The Field of Light


See the road the women took, the shattered

wives and daughters of the men who tottered

in endless file to fill the charnel field

mapped out with care to bury each male child

along with father, brother, young and old

it did not matter, everyone had cold

and charted space arranged by General’s hand

held steady for the cleansing of his land.

The women passed thin trees devoid of leaves

where men, who fell exhausted to their knees

were hanged as tragic mobiles in the wind,

left there until their frozen spirits dimmed,

slipped into new dimensions, far away

from where eight thousand dug their graves that day.

The shooting rang a devil’s tap dance through

the sky, smoke-filled from grey to blackened blue,

the deed well done by robot soldiers drilled

to follow orders, ask no questions, skilled

in killing weeds in their divided fields,

allotments kept for drills of plants the same

in every seeded gene, façade and name.


Their wives and daughters reached the silent field

with spades and trowels they planted bulbs, well heeled

dug deep to save them under pall of frost,

white lilies, one for every loved one lost.

In Spring, they see an ocean of tall blooms

snowbirds that sing with plaintive call of loons,

at night they have an incandescent glow,

lone astronauts can spot their shine below

diffusing stars along the galaxy,

immortal, radiant each night and day,

judgement for those who looked the other way.


By Alma Brayden


Two Swifts

You came back to the house of the angry

woman but she rejected your beauty.

Three seasons you returned to build your nest,

tired from marathon flight, the need for rest

before the restoration of your goal:

the reconstruction of your broken home

with air-born material caught in flight

fine, intertwined, saliva-bonded tight,

perfect for the young you planned to nurture,

strong enough for fledgling flight to future.

That dream she shattered with long bristle brush

then tried to batter you in mad uprush.

She did not care about your marathon,

the pain and hazards you had overcome.

You left parched swelter of African sands

driven by nature’s force to cooler lands.

High overhead, you crossed a sea of dead,

the living crammed in makeshift boats, outspread

from wrecked worlds, with no compass for their loss

they drowned in angry waves of pitch and toss,

families broken, bits and pieces taken

from the cherished homes they had forsaken.

Like you, they are not valued far from home,

months later, they will send them back alone.

If, like Swifts, they could derive nutrition       

in mid-flight, they might escape to freedom,

build elevated dwellings safe from war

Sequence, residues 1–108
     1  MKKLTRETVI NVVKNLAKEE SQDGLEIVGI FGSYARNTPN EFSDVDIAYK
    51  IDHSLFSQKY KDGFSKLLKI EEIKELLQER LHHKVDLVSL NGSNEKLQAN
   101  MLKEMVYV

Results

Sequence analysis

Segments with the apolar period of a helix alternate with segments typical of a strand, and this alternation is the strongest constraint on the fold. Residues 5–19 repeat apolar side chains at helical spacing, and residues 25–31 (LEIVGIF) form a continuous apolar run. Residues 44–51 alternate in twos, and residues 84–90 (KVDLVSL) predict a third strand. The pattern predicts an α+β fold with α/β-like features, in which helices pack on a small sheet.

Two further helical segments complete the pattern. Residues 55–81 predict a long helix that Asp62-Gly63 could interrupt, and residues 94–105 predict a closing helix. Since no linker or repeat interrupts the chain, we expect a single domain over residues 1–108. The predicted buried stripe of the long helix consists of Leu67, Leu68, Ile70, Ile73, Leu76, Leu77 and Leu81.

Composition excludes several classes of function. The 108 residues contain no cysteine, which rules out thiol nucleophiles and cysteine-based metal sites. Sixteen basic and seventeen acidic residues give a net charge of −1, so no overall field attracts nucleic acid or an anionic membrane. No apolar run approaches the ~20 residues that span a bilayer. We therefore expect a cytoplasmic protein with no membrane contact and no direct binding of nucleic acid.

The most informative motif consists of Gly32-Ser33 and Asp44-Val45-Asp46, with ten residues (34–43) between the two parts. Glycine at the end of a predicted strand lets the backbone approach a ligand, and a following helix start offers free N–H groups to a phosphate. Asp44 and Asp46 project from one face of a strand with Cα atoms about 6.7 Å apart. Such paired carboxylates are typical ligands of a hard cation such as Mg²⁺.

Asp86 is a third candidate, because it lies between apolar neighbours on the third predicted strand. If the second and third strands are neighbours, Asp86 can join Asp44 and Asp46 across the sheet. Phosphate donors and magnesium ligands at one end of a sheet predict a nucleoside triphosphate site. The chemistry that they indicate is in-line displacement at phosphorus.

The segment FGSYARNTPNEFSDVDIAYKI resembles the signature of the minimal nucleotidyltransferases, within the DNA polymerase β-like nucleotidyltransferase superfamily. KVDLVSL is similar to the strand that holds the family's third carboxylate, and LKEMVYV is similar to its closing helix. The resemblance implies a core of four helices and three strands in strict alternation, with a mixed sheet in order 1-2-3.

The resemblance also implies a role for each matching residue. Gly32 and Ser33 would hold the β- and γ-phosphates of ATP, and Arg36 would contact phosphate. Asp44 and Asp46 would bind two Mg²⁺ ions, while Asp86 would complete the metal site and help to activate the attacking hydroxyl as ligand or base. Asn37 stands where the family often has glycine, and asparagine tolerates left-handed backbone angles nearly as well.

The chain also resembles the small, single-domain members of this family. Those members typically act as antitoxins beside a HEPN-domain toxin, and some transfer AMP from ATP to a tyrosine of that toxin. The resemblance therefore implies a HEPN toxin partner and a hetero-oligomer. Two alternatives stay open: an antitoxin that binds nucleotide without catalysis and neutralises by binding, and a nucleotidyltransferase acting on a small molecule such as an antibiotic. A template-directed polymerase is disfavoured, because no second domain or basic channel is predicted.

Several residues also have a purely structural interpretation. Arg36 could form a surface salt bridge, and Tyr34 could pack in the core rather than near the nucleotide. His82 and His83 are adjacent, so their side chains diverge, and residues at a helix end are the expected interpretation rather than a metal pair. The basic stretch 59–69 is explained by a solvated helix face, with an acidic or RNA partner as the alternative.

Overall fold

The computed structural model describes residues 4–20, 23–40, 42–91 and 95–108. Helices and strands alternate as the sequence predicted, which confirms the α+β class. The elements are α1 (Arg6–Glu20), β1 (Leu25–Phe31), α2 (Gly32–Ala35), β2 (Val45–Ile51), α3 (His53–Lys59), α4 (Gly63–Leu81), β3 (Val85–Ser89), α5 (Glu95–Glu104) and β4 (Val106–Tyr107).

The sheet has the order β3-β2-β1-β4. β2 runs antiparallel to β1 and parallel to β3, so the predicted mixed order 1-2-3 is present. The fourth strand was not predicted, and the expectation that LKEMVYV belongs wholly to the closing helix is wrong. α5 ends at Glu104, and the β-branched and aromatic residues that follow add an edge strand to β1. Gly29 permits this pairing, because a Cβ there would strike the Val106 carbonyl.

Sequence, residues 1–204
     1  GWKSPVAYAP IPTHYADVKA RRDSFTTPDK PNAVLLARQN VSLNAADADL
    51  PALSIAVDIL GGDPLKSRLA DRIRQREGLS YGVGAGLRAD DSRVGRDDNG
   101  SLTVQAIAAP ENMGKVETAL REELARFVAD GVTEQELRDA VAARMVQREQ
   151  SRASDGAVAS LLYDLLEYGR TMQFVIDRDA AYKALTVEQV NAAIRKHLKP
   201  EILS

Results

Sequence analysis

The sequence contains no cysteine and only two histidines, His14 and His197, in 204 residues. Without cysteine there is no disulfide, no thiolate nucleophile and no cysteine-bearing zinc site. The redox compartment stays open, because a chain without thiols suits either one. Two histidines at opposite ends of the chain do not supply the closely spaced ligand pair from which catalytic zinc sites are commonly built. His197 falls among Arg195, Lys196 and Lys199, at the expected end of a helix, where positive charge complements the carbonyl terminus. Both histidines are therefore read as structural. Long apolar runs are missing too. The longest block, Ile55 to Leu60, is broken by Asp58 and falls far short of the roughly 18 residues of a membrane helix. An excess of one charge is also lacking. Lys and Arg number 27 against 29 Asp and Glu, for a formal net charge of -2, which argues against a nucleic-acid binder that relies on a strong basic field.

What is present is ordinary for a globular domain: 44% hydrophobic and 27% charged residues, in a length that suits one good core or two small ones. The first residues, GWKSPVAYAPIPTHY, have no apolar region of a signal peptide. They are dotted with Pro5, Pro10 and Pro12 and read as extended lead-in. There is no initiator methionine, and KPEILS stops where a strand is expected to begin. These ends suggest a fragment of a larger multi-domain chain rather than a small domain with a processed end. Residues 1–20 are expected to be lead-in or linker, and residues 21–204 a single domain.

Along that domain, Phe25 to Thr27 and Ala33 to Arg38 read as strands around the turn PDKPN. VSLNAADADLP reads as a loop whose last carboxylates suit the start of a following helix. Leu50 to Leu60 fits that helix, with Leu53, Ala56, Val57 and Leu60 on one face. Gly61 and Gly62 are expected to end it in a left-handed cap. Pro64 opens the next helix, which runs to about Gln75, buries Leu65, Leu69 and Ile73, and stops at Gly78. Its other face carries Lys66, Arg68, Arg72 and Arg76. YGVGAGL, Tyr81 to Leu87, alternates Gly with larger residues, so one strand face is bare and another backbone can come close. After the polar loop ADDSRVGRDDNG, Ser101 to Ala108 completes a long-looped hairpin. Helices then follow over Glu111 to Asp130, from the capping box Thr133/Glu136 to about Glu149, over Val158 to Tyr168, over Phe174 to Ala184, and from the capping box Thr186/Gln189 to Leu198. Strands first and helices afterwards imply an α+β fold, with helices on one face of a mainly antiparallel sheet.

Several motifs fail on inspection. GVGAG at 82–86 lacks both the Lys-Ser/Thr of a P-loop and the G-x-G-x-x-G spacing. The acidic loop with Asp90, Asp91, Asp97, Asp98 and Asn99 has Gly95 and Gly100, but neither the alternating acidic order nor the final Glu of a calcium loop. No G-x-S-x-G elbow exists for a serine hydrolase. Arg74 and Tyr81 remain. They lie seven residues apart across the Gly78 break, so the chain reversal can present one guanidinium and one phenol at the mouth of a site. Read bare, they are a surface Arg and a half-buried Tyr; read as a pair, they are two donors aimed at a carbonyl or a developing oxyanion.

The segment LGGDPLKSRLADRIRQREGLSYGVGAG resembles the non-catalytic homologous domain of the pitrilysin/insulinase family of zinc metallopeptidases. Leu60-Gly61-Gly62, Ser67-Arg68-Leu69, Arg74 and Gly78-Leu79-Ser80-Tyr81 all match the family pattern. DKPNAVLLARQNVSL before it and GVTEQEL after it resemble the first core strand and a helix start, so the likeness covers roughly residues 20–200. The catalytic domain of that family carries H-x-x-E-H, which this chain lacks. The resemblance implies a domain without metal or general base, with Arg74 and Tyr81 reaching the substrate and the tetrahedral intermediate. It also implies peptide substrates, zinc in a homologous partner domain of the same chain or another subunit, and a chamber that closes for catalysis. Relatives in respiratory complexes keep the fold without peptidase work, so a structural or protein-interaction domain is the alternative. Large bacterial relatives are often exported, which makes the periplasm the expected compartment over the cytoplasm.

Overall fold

for winged Ariel children, each a star,

while you might make your nest high in the air

of cirrus clouds and white contrails, to care

and tend your young untroubled in the sky

to scythe its field of blue until they die.

Alma Brayden is a poet and visual artist. Her first collection “Prism” was published by Seven Towers in 2010. Her work has appeared in many anthologies, literary magazines. She has had numerous solo art exhibitions and has been included in R.H.A Summer Exhibitions and the Oireachtas Art Exhibition. Her work featured as the cover for the first two Dalkey Writers anthologies. She was a prize winner in the Troubadour International Poetry Competition 2014.  Her poems paint colourful and vibrant word pictures that merge into a rich tapestry of experience in different poetic forms. 

Her artwork follows the same theme which is shown below with a few pieces she has written.


The Cutting Edge

The stone held the secret

guarded in its marble heart,

flawed, discarded block

chosen at random,

its veined paths

would guide his eye,

lead his hand

to find the hidden

figure from Carrara

waiting since pre-history.


The sculptor toiled

to feel the shape,

groped with probing



emergent features,

chiselled them out

to face the sky.


Later when

he ran his hands

over bone and muscle,

smooth marbled skin

of the finished figure,

it was good -


David stood to fight


his monumental hero

brought to light.


The Broighter Boat

first century BC, Broighter Co. Derry

 All those centuries

deep hidden

but earth could not

cover you forever,

too much dazzle

to hide beside

the mizzle lake

where you could never

your yellow gold.


In the museum,

from a dark pocket

of isolation

you shine through glass

like a segment of the sun

without wind to navigate

across an emerald ocean,

with no oarsmen to row

against the current

and your sail blown off,

not hoisted to billow-cloud

against a gull-swept sky,

only crossed masts remain

to prefigure the future.


If you are interested in Alma's art and would wish to enquire about it or ask for a quote, you can send a message by clicking here.

Below are some more of her art and pictures of her studio.